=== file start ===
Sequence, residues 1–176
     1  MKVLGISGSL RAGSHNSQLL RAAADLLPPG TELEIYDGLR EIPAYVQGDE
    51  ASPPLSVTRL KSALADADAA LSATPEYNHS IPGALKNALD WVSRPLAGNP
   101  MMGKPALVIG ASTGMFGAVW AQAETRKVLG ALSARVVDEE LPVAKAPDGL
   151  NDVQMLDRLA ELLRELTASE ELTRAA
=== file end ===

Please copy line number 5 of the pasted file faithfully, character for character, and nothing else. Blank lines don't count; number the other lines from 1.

   151  NDVQMLDRLA ELLRELTASE ELTRAA